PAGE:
The goal is to then have them tell partners the above information in full sentence form. While I presume they are writing their lists and/or looking up the any new words I write my own answers on the board in the red spaces. I then say them in full sentences as a model. My plan is for this to segue into a section in the textbook about giving data in medical referrals.

Then I check on their progress (the full six minutes have almost passed). About one quarter of the students have jotted down their words appropriately. A few more are looking up words to add to their lists. OK. More than half have spent the time copying down only the categories I have written on the board including "Today- first (10 minute opener)". Several have just finished writing their names and student numbers on the paper. A few are still getting a piece of paper out of the depths of their sports bags.

Damn! The students are all over the place! Now, this used to make me angry and I would let students know so but I have since come to see that what was making me angry was the fact that my tight 'n sweet lesson plan wasn't going to form, that the students were ruining my pretty picture. Figuring that my anger was self-indulgent I have since decided to focus my complaint elsewhere.

I focus it here: When I give the students their partners (3 per team) only one is ready to do it properly, one is half-ready and will therefore stumble and stick Japanese in, and one is still wholly unprepared and will be thumbing his/her dictionary while the other students tell their 'stories'. This is rude! Listen to what your partners are saying, I tell them. And you can help do this by BEING PREPARED!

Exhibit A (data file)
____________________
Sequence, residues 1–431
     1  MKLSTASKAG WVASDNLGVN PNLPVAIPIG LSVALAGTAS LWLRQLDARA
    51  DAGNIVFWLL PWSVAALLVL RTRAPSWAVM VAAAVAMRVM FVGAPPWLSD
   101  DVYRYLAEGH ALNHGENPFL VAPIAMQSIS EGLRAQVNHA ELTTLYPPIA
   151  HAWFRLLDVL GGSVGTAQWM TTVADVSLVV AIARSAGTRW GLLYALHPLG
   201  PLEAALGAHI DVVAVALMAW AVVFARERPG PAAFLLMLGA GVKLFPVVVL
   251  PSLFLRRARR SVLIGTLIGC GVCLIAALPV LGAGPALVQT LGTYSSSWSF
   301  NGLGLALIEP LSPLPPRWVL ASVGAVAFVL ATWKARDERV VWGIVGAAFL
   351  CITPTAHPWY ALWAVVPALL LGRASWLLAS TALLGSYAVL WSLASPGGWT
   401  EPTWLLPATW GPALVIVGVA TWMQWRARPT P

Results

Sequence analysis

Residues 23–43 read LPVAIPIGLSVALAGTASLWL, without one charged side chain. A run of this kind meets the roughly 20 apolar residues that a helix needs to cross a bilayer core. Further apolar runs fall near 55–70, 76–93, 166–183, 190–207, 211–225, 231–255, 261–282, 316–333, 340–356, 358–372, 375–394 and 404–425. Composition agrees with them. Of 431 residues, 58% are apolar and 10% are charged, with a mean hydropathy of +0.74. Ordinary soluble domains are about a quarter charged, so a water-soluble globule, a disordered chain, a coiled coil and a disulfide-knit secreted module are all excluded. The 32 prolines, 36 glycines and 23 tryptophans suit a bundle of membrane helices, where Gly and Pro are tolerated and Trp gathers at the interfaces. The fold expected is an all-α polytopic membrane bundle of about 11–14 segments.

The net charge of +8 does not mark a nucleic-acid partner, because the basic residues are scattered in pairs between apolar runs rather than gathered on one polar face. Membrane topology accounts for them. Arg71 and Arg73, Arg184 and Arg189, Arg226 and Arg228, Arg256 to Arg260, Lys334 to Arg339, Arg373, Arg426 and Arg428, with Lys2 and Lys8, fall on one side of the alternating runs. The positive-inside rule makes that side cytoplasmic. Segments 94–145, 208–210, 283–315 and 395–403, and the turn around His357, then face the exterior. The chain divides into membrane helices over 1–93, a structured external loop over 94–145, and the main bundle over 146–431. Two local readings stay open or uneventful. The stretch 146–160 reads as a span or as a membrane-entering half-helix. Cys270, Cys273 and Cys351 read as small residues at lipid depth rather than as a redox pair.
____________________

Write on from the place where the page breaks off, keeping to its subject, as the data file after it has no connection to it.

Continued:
But what I really want to get off my chest, but don't, is the following. I know that no students read or know of this blog so I'll just vent here...

Apologies to those students who got it and complied right away.

There, I said it. Take a deep breath and relax, Mike.

I wonder if readers have similar experiences and how you may handle it. And trust me when I say that I outline everything clearly and comprehensively in advance.

About November 2009

This page contains all entries posted to The Uni-Files in November 2009. They are listed from oldest to newest.

October 2009 is the previous archive.

December 2009 is the next archive.

Many more can be found on the main index page or by looking through the archives.

Powered by
Movable Type 3.35